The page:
Ambassador Generoso Calonge replaces Leo Herrera-Lim as Chicago Consul General
The Secretary of Foreign Affairs has appointed Hon. Generoso D.G. Calonge as the incoming Chicago Consul General to replace outgoing Consul General Leo H. Lim who departed for his new post on April 17.
Ambassador Calonge is a career diplomat whose career in the Foreign Service spans almost three decades. He has served in Philippine diplomatic missions in Washington DC, Moscow, Abu Dhabi, Dubai and Saipan in various capacities, as well as in the Department of Foreign Affairs' Office of the Undersecretary for Policy, Office of the Undersecretary for International Economic Relations, Office of the
Consul General Generoso "Gene" Calonge with his wife Atty. Gloria Salazar Calonge.
Undersecretary for Special Concerns, Office of Legal Affairs, Office of Intelligence and Security Services, Office of Middle East and African Affairs, and Office of Asia and Pacific Affairs.
He earned his bachelor's degree in Economics from the University of the Philippines, Manila in 1976, completed his degree in Law from the University of the Philippines, Diliman in 1985, and then moved on to finish his Masters of Laws from the prestigious Harvard Law School in 1988. Ambassador Calonge also attended Officer Cadet School of the Australian Army as a Military Science scholar from 1978-1979 under the Philippines-Australia Defense Cooperation Program.
Ambassador Calonge is married to Atty. Gloria Salazar Calonge and has three children, namely Golda, Nikki and Joshua Benedict.
Outgoing Consul General in Chicago Leo Herrera-Lim will be serving as the new Philippine Consul General in Los Angeles with jurisdiction over Southern California, Southern Nevada, Arizona, New Mexico and Texas. Consul General Leo Herrera-Lim departed for his new post April 17. He has served as Consul General in Chicago since May 2010.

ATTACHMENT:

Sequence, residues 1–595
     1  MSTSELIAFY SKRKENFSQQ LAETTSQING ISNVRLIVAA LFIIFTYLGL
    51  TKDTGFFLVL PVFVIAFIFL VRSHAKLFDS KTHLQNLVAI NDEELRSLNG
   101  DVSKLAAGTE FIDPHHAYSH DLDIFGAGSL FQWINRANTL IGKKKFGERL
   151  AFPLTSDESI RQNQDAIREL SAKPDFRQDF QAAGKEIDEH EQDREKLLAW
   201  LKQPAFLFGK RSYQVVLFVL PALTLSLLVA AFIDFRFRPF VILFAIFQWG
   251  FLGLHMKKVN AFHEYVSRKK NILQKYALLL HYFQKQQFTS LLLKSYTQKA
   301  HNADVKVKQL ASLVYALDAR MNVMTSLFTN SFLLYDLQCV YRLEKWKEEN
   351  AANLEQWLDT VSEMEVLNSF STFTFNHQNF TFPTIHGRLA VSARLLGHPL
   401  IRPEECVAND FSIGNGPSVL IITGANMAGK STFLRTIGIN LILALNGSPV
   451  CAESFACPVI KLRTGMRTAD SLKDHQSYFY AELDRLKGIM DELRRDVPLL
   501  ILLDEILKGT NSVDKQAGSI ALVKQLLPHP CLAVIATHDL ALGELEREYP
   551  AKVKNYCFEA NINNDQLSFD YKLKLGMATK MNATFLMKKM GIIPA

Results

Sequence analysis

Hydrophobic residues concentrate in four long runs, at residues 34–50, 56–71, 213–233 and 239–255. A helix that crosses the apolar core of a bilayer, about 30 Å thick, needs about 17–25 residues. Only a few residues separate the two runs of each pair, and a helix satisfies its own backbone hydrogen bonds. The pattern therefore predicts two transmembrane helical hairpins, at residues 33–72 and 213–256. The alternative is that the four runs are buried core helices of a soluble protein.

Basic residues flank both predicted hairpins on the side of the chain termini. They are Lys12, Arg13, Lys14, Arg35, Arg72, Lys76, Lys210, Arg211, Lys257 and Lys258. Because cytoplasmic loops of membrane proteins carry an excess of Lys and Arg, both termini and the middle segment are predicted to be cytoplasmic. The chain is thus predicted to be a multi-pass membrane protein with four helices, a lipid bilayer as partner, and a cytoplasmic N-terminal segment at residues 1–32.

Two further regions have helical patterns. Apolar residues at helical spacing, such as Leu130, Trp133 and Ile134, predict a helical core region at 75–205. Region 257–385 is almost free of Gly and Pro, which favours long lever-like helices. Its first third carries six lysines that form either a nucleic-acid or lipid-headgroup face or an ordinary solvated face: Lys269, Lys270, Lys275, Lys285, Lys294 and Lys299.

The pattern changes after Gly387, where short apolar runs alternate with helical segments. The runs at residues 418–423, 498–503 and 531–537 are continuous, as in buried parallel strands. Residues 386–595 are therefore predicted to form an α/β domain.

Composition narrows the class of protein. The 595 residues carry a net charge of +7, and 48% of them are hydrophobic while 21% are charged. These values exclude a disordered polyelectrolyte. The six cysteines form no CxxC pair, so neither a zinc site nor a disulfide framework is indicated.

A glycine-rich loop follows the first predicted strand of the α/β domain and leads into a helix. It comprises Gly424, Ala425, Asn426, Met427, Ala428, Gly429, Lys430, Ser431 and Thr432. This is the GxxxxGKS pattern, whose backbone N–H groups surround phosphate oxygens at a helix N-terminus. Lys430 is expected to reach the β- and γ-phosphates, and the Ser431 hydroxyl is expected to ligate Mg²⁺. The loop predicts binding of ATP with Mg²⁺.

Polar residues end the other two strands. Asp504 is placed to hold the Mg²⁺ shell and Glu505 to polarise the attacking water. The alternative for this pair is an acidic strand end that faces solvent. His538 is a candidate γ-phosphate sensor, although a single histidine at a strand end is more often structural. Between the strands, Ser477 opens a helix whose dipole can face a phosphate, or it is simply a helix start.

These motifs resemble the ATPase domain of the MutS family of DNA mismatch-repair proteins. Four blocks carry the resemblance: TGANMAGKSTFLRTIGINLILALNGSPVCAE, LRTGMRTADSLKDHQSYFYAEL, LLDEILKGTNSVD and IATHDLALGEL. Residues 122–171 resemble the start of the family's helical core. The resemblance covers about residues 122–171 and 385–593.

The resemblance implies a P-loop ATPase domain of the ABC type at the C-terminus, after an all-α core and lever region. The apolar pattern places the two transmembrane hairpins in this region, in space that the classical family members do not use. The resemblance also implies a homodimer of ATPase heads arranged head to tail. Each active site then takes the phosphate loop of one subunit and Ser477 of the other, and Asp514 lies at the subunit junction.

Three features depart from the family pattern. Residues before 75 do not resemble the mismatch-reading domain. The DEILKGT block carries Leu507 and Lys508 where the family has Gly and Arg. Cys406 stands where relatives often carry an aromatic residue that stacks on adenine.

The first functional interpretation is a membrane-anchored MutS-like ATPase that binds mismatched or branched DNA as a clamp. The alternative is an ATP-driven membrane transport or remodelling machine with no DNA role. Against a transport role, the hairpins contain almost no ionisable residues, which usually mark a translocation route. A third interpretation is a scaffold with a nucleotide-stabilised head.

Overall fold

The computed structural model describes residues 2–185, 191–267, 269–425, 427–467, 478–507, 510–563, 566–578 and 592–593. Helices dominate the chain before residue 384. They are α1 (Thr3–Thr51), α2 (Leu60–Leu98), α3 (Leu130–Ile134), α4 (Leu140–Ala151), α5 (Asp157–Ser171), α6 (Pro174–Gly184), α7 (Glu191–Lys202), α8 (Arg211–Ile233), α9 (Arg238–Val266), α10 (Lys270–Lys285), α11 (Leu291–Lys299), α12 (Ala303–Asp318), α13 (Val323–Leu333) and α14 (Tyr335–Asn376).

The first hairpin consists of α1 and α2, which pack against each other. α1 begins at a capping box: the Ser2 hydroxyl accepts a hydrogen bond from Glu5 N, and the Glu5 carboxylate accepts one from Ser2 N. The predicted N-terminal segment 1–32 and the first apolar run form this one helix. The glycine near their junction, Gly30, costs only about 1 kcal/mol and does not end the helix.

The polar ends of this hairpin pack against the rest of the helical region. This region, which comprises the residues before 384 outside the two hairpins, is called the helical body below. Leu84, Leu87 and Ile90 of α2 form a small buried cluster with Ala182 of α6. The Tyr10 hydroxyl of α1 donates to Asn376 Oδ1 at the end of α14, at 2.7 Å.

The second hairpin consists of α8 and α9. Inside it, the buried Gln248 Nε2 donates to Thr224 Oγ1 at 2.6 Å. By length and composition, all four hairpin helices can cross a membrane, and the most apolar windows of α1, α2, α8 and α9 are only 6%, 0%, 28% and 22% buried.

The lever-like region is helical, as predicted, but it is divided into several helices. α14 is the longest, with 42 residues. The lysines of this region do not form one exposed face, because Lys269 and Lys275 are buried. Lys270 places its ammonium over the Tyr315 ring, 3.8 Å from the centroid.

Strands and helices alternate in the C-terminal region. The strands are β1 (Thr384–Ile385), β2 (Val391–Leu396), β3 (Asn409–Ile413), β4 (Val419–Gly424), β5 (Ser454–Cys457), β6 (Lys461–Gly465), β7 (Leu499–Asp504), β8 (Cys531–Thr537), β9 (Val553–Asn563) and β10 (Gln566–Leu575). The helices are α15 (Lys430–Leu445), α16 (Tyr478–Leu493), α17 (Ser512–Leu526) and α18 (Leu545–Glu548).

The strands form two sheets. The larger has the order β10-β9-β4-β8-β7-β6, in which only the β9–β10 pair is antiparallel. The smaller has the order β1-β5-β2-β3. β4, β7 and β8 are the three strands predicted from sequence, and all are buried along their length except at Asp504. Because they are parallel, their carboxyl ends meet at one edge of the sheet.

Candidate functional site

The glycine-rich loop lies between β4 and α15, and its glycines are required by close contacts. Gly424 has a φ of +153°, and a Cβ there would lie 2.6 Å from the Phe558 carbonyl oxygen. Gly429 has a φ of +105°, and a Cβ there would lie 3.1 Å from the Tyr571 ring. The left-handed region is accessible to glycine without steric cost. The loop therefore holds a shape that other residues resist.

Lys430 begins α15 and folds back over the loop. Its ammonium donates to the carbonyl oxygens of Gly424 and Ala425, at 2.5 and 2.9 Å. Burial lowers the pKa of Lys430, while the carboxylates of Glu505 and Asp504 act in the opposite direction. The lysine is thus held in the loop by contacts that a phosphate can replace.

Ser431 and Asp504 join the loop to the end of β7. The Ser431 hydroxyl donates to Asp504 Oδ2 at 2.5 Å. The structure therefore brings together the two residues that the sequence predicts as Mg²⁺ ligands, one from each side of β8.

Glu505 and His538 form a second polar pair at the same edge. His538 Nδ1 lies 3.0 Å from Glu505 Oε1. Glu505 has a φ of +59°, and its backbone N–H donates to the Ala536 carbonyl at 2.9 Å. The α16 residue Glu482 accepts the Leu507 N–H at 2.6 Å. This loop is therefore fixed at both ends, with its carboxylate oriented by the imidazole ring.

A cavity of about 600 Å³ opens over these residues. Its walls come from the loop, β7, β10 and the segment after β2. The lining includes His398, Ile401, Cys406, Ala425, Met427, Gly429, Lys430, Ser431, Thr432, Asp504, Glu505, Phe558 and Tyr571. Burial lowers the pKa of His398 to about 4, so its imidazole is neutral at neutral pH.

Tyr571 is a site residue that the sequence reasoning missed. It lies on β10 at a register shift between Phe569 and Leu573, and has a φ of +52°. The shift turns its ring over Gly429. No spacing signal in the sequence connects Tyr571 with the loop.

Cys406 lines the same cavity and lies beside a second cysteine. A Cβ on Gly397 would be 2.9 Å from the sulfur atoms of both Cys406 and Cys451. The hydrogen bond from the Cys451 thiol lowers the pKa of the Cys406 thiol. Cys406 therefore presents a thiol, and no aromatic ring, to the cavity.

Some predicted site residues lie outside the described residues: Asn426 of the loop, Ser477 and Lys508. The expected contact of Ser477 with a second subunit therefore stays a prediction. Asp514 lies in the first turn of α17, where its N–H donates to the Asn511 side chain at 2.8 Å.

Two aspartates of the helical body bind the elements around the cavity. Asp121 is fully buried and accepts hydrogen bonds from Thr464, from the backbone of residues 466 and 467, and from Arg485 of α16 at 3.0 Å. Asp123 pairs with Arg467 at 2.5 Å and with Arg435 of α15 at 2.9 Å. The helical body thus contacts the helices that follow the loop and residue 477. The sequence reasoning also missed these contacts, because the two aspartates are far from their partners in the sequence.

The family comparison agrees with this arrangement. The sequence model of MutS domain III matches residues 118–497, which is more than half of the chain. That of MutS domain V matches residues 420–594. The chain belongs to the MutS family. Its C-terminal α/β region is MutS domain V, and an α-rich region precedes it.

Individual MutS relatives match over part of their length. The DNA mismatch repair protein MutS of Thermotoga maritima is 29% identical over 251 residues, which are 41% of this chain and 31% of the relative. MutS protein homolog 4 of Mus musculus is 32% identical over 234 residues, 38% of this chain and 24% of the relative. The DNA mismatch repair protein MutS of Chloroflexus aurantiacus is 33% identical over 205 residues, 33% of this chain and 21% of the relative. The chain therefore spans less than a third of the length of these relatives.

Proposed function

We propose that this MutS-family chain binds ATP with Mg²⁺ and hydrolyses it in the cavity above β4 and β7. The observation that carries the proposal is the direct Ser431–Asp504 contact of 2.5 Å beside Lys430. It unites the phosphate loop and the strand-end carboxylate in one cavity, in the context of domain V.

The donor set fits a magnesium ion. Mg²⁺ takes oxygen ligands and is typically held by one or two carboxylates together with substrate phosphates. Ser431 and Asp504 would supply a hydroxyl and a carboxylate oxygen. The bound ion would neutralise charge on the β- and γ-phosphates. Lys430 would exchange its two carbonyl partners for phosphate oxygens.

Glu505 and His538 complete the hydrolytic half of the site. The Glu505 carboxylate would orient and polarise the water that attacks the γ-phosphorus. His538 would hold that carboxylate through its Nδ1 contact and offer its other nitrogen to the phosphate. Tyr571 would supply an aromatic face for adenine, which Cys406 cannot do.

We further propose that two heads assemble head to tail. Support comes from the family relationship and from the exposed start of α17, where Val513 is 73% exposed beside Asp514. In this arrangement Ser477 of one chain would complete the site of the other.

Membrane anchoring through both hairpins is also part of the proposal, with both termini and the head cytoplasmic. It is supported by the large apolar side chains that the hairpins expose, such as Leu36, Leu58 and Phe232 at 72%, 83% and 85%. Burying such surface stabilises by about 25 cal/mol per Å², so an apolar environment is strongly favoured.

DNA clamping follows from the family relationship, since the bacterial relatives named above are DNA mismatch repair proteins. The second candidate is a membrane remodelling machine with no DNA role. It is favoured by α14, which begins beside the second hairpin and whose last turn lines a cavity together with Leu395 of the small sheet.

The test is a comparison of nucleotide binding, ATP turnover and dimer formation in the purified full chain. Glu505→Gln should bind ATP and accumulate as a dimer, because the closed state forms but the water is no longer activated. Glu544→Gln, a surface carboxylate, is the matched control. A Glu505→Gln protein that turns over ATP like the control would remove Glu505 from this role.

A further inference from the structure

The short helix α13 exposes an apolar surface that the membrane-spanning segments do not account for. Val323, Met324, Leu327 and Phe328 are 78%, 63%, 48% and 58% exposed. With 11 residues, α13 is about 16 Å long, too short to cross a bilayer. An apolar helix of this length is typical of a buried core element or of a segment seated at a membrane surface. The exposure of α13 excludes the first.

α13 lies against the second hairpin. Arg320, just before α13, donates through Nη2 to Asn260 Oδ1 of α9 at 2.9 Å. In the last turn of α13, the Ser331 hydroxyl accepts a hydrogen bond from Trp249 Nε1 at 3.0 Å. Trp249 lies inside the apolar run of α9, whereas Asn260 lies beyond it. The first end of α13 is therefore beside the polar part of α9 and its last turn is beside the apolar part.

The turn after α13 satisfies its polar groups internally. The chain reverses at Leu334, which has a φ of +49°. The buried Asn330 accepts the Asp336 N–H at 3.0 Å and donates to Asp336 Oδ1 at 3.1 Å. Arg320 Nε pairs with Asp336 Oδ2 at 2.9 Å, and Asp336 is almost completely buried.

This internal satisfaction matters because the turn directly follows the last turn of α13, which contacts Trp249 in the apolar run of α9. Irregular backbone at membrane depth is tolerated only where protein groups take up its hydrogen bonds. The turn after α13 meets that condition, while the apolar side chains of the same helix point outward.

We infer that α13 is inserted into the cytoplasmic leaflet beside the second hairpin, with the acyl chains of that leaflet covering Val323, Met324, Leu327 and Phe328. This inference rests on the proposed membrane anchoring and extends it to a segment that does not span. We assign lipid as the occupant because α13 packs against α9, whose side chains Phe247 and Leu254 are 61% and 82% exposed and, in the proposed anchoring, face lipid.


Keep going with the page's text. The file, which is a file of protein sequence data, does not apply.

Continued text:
Before departing, Consul General Herrera-Lim expressed thanks to all the gracious and kind-hearted Filipinos and Filipino-Americans. He said, "I am very much inspired by the success of our efforts and partnerships in Chicago and the US Midwest towards increasing the awareness and respect for our people and our community. I look forward to the bigger responsibilities that await me in Los Angeles."
Educational dinner by Drake & Son on funeral planning, May 22
The Drake & Son Funeral Home will offer an educational dinner on pre-planning for your loved ones at the Little Quiapo Restaurant, 6259 N. McCormick, Chicago, IL on Thursday, May 22 at 5:00 p.m. Dinner will be provided. Guests must RSVP by calling 773-561-6874 or emailing Bridget.Gutrich@DignityMemorial.com.
Rebuilding the Visayas…Decadance, May 9 at Holiday Inn in Rolling Meadows
The economical and human recovery will take years rather than months. Show your support and continue to help rebuild the communities in the Visayas. Come and join us on Friday, May 9 at Holiday Inn-Rolling Meadows Grand Ballroom, 3405 Algonquin Rd., Rolling Meadows IL 60008. The event will start at 6:30 pm until midnight. Bring along your friends for a night of fun and dancing with DJ Boyet Almazan showcasing the dance music of the 70s, 80s, and 90s. Let us join hands and help raise funds for the victims of the Typhoon Haiyan (Yolanda).
DecaDance is a brand developed by three friends, Erick Maniquis, Teddy Dario, and the DJ himself Boyet Almazan. Their story makes this event more special as they share some history with us. Let us meet them up close and personal.
Decadance with Boyet Almazan just celebrated their 10th year anniversary at the Salon de Ning in The Peninsula Manila Hotel last August 31, 2013. Deacdance plays there every Friday night. They continue their celebration by kick starting their US Tour at Chicago. Tickets are now available for just $25 at all Forex offices . For more information, call 1-888-FOREX 98 or (630) 595-8080.
Beleaguered FACC to hold elections, May 24